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Man-Eaters of Kumaon (1944)

by Jim Corbett

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4811638,456 (4.06)11
Jim Corbett was every inch a hero, something like a "sahib" Davy Crockett: expert in the ways of the jungle, fearless in the pursuit of man-eating big cats, and above all a crack shot. Brought up on a hill-station in north-west India, he killed his first leopard before he was nine and went on to achieve a legendary reputation as a hunter. Corbett was also an author of great renown. His books on the man-eating tigers he once tracked are not only established classics, but have by themselves created almost a separate literary genre. Man Eaters of Kumaon is the best known of Corbett's books, one which offers ten fascinating and spine-tingling tales of pursuing and shooting tigers in the Indian Himalayas during the early years of this century. The stories also offer first-hand information about the exotic flora, fauna, and village life in this obscure and treacherous region of India, making it as interesting a travelogue as it is a compelling look at a bygone era of big-game hunting.… (more)
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Showing 1-5 of 15 (next | show all)
A fascinating insight into India in the first half of the 20th Century and the necessity to kill Tigers and Leopards which had become man-eaters. Jim Corbett is a sympathetic writer. You can tell that he has a deep affection for the Indian people he interacts with, and he is also a careful hunter. He prefers 'hunting' with his camera and there is some footage from his movie camera on youtube as well as several of his photographs. Corbett was so good at his job that he went to Africa to kill man-eaters for, as he explains, a big cat does not naturally become a man-eater, something has to have happened which forces the big cat to hunt the slow and easily available man rather than the natural prey. For example porcupine quills can end up in a tiger's body, breaking off at the skin and being invisible from the outside, but causing ongoing infection in the inside and pain for the animal. Broken teeth, which mean that the cat can no longer hold onto a big prey such as a buffalo, or even a smaller deer, but the cat can wrap its mouth around a human and carry them off.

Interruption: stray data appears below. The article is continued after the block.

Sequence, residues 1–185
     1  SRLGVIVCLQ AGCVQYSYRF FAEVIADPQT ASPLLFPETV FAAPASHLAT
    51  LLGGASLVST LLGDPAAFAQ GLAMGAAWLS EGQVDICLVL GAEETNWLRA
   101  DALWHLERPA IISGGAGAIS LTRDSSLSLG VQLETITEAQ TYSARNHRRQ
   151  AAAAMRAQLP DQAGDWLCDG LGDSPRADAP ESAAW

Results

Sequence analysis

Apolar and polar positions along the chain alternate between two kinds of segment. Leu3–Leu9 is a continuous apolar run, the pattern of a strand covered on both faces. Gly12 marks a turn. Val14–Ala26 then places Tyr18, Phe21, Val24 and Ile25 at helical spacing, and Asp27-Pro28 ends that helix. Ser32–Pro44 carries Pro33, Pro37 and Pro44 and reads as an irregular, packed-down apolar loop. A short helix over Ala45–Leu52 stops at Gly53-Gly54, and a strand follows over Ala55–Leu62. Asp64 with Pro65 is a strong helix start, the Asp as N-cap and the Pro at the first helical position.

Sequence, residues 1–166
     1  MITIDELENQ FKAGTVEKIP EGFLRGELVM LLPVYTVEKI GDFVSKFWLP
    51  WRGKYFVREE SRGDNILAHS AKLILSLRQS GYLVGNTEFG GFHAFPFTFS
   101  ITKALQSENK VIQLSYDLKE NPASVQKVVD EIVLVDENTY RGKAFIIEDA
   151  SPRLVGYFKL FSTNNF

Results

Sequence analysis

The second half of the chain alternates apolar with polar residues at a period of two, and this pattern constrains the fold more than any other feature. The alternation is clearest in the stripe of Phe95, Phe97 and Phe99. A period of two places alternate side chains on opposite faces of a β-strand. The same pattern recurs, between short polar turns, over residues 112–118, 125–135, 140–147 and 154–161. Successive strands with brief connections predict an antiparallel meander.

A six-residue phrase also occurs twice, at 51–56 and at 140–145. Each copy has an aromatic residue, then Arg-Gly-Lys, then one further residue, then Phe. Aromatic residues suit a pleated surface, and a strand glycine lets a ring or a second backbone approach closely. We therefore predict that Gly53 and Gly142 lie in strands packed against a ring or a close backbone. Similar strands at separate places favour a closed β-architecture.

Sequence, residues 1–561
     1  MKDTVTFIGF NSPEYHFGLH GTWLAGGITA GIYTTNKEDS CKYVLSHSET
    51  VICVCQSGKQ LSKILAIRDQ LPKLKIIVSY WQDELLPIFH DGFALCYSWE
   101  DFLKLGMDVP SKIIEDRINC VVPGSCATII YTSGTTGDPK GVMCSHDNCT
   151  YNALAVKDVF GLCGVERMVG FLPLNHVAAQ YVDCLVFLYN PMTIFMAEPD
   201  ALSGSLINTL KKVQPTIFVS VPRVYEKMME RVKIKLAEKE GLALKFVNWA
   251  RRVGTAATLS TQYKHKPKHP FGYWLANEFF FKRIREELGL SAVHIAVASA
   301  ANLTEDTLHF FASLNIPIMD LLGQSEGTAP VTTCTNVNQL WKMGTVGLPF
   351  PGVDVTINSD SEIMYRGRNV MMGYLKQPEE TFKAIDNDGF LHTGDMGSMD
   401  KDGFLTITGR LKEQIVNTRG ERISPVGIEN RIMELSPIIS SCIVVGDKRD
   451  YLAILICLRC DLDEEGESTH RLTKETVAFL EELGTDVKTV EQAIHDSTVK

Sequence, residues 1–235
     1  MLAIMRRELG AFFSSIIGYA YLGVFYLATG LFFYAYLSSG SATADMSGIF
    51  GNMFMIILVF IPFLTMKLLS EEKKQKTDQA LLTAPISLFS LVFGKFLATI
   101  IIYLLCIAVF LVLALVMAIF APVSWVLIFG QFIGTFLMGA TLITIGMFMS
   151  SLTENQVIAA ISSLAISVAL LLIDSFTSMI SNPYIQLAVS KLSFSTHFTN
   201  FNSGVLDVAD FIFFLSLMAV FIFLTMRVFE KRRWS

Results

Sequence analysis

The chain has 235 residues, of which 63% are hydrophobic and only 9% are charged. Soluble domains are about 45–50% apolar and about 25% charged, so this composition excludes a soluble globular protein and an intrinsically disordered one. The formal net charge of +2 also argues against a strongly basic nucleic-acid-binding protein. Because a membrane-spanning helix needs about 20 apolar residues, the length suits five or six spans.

Not only does the book explain these facts, but we gain an insight into a man with the stamina to walk for miles a day in the hills of northern India even near the border of Nepal. Whilst he may be driven to the starting point of the hunt, after that, because there are no roads, the work is on foot. Extraordinary clear eyesight, a reputation for rarely missing a shot and tenacity to track the man eater even if it takes 5 years to kill it are some of Corbett's remarkable talents. perhaps he is not so remarkable by the era - he seems to have a Kiplingesque personality - his tales are written in a matter of fact manner, from being called in to track and kill the man-hunter, to the tracking, the kill and then the skinning which needs to be done very quickly virtually in-situ (no word is given of the tiger's flesh where that goes).